Marketing a T-Shirt Line
Marketing a line of t-shirts is no different from marketing any other consumer product. The main difference is that creating a t-shirt line seems easy, entry barriers appear low and from a quick look, it seems like a lucrative business. But it is a competitive business and one that requires a product marketing strategy just like any other consumer product.
We read in industry publications that the success rate for new t-shirt lines is less than 1% and those who eventually are sold by retailers may face a less than 1% chance of seeing reorders.
T-shirt lines are not different than other products you consume. Just think about the car you drive or the cell phone you use. If these companies had an idea for a new product and just jumped into the design phase without proper market research they will have horrible success rates as well.
Marketing is not promotion. The idea that you will build a cool product and then with some word-of-mouth, some promotion, and some luck it will just take off is what has kept the 1% failure rate intact.
The way to break into any competitive field is to listen to the market. Listening to the market means observing the needs of the market and then filling those needs. Before we can fill in market gaps it is a good idea to ask a few philosophical questions.
1. What is your vision? Having a clear vision will help you open up decision doors. From the point that you first envision your T-shirt line, you will be faced with a constant chain of decisions. Having a clear vision will help you judge the quality of your decision and will give you the confidence to keep going.
2. What is the Purpose of your line? Your line needs a philosophy or mission for “being” in business, in other words, your business needs a purpose. This purpose can easily drive success and the need to contribute to making the world a little better or more fun. If you look around, you will see how the most successful companies do have a purpose.
Purpose doesn’t have to be a serious boring thing. It can be a celebration of your values or a vehicle for promoting a lifestyle.
Identifying your purpose will help you define your target segment and audience. You will naturally know who your users are, and you will be in a good position to understand their needs. In turn, this will give you ideas for product modifications and adjustments so you can produce a product that is needed in the marketplace.
3. Who are you selling your line to? Here is where having a clear purpose helps. You want to find a match between your concept and the store concept, which in turn should match your audience. The clients that enjoy and prefer that store or that would feel curious to walk in if passing by.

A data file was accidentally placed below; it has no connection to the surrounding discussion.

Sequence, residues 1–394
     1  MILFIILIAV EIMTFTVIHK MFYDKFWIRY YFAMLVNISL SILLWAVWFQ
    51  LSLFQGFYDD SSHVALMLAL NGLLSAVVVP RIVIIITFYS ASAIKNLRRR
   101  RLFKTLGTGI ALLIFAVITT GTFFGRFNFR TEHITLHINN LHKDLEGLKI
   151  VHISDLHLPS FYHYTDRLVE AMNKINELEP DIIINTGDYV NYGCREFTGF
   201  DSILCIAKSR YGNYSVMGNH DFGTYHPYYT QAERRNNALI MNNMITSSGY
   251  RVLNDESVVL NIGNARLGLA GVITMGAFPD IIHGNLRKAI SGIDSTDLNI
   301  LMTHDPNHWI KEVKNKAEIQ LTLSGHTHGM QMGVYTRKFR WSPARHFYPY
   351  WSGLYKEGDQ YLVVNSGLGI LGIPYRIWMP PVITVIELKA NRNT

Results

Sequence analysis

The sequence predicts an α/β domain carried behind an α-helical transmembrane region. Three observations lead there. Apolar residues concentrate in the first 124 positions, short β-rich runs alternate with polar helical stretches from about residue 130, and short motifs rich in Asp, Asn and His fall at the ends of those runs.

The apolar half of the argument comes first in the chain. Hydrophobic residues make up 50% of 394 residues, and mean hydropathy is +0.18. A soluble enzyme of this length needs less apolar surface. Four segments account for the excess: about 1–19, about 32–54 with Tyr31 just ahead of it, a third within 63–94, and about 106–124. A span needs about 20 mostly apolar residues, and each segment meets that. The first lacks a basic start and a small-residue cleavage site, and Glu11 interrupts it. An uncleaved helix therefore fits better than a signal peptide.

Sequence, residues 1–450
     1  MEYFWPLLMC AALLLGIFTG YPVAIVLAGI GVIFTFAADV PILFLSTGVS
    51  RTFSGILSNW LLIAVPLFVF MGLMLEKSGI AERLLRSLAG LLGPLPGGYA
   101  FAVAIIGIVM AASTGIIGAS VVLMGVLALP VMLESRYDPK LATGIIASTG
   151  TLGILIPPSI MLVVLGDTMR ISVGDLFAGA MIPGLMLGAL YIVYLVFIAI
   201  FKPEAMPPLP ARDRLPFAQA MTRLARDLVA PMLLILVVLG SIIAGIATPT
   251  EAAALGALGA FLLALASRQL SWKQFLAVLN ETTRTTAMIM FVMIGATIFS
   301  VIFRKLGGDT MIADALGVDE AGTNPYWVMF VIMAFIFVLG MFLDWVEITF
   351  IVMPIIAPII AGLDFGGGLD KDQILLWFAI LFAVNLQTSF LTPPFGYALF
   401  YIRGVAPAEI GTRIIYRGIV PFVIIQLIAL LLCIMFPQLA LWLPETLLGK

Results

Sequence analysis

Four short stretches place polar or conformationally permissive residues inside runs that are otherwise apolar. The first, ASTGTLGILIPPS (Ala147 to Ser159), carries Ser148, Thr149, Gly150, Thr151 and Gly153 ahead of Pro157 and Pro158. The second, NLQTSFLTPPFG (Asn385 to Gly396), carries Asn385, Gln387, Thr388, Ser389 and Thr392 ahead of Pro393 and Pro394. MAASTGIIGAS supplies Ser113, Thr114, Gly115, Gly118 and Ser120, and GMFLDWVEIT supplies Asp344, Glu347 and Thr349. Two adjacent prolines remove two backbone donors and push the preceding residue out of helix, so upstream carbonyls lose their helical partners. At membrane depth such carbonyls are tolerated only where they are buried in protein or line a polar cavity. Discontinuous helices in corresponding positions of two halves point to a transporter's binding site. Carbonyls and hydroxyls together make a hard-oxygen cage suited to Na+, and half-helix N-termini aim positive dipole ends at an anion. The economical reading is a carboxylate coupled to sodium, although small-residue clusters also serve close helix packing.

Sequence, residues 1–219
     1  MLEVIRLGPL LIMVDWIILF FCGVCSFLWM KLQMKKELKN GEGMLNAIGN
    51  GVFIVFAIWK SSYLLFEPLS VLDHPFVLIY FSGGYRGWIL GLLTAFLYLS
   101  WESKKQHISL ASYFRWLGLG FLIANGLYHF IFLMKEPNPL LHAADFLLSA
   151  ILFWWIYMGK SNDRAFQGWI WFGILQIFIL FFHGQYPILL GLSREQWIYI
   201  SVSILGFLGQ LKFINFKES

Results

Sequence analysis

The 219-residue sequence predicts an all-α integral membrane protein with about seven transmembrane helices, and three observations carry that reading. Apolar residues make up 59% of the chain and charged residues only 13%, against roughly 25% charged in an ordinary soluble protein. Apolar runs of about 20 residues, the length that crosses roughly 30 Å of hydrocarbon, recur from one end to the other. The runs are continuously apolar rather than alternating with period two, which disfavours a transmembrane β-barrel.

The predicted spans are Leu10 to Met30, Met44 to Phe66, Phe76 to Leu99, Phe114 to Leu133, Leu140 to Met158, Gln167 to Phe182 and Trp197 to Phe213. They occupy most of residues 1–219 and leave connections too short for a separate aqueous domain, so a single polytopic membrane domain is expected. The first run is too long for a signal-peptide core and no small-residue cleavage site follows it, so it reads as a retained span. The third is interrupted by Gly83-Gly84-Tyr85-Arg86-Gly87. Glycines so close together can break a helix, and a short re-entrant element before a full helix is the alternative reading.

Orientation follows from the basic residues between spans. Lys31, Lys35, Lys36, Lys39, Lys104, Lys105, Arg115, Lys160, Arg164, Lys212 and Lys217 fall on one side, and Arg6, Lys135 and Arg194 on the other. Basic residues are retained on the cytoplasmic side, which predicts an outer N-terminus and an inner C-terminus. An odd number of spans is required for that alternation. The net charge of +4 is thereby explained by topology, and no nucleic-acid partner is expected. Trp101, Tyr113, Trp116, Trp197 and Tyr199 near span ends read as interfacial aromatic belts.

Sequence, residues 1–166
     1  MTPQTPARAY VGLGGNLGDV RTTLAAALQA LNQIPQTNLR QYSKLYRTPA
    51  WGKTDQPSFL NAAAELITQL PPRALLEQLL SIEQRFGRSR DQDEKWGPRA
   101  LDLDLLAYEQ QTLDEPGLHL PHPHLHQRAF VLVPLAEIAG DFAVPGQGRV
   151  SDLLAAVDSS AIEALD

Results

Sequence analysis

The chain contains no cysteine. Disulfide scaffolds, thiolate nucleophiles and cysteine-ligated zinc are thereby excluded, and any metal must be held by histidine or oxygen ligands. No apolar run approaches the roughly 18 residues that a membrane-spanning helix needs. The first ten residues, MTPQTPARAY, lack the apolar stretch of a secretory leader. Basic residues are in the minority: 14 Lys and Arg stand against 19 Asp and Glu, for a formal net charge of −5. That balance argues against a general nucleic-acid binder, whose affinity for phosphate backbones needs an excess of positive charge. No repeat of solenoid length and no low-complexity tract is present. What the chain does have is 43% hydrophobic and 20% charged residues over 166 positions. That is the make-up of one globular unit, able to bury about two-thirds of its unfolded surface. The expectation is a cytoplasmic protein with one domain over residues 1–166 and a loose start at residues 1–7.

Uses a tried and true framework to follow as a guide to building successful products. It all starts with the understanding of the Market. What are the market segments and sub-segments? Who are your users? Who are your competitors and much more? See this website
At the retail level, you are not selling directly to the end-user. You have to sell your line to the store owner or buyer so you need to understand their needs and problems. Even if you think that your line has a wide appeal, you are selling to a single individual and building a long-term relationship. The more that you understand the buyers the higher the likelihood that you will produce products that they will need. You need to consider culture, lifestyle, income, and climate to make sure that you have a strong match with what buyers need.
What if you want to sell directly online. Then you do need to think about your target audience even more. Create personas. Imagine who will buy your line and define them on paper.
New Mom’s Ages: 25 – 35 Education: High-school/College Income: 25k to 45k years
Think about other sites or magazines that target a similar audience. Magazines have their reader demographics nailed down with great precision. Here is a trick. Look at the advertising specs to define your personas. Look at how the magazines communicate to their audiences and emulate their approach. You don’t have to spend millions in market research and analysis if you learn from the work done by successful publishers.
Remember that your online store is no different from a retail store where user experience counts a great deal. You want to know your visitors well to connect with them with every detail, color, and word you post.
Once you have a strong vision for your line, a defined purpose, and a good understanding of your target audience you will be able to form a solid product positioning for your line and hugely increase your chances for creating a successful and long-lasting t-shirt line.